The Syrian conflict that began ten years ago today brought the terrorists out of their caves, Iran out of its borders, and Russia back to the Middle East and Europe. It ended Lebanon’s democratic experiment, however imperfect. Syria has burned to the ground. Assad extinguished half a million souls. Thirteen million people are displaced, half inside Syria and half unsettled elsewhere.
The United States could have acted to prevent this bloody calamity. Thanks to the Obama administration, it did not.
Antony Blinken, who was Obama’s last deputy secretary of state and is now President Joe Biden’s secretary of state, expressed his remorse in a 2020 interview:
The last [i.e., Obama] administration has to acknowledge that we failed, not for want of trying, but we failed. We failed to prevent a horrific loss of life. We failed to prevent massive displacement of people internally in Syria and, of course, externally as refugees. And it’s something that I will take with me for the rest of my days. It’s something that I feel very strongly.
But Blinken is the exception. Other Obama alumni have defended that administration’s record.
Susan Rice was the U.S. ambassador to the United Nations when the Syrian war broke out. She had previously held the Africa porfolio at the State Department and served on the National Security Council staff during the Clinton administration, when America stood by during the Rwandan genocide. In Obama’s second term, Rice became the national security advisor. In her memoir, she tried to dodge blame for Syria. She is now the director of the White House Domestic Policy Council.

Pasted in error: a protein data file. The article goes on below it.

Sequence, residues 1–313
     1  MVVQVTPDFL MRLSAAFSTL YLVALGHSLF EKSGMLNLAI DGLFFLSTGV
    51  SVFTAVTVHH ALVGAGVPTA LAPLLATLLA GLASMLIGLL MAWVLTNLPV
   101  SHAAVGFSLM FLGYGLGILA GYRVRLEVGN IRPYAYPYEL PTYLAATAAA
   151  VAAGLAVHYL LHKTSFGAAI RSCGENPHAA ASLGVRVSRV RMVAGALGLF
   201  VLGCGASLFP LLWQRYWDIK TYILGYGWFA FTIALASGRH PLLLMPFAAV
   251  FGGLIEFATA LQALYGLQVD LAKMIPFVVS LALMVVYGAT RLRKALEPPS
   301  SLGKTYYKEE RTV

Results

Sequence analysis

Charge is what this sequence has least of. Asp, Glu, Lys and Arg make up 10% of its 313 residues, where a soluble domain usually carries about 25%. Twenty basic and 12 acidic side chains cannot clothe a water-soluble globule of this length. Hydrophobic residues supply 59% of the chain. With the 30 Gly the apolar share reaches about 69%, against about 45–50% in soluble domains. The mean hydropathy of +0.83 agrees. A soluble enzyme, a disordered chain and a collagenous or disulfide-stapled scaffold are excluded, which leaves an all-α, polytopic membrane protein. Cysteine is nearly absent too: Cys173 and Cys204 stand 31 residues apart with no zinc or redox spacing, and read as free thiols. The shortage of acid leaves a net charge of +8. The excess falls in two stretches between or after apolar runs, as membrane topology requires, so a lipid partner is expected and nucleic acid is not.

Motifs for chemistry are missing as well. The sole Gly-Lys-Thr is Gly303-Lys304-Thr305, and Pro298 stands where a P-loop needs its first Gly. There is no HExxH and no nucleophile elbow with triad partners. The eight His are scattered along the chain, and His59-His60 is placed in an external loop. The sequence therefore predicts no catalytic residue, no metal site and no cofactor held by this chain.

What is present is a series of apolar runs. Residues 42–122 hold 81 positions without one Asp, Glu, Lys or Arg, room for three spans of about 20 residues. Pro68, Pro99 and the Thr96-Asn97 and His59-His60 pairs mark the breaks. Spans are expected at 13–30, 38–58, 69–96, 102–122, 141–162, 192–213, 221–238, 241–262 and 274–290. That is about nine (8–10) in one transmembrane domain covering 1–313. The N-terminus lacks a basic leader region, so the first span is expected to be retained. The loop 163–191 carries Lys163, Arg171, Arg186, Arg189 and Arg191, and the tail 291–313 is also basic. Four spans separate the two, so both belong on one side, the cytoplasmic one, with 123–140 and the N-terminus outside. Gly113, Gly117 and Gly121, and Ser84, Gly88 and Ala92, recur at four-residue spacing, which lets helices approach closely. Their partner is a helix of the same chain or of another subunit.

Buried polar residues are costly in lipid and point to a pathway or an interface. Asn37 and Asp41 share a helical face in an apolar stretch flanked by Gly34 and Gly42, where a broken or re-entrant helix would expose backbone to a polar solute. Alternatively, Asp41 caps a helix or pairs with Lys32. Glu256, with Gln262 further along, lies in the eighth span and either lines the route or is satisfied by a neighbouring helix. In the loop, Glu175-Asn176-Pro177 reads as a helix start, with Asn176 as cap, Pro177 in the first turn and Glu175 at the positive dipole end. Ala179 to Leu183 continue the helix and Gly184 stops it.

Samantha Power, who first rose to prominence for her book condemning the world’s idleness in response to ethnic cleansing in Yugoslavia, replaced Rice as the U.S. ambassador to the United Nations at the height of the crisis. She has directed blame for Syria at almost everyone but the administration she served in, which had the power to put an end to it. Power is Biden’s nominee to be the administrator of the U.S. Agency for International Development, a position Biden elevated to a principal at the National Security Council.
Derek Chollet was the assistant secretary of defense with the Middle East portfolio from 2012 to 2014. Ever since, Chollet has defended Obama’s decision not to enforce his red line: “Far from a failure, the ‘red line’ episode accomplished everything it set out to do—in fact, it surpassed our expectations.” He is the new counselor of the State Department, with the rank of under secretary.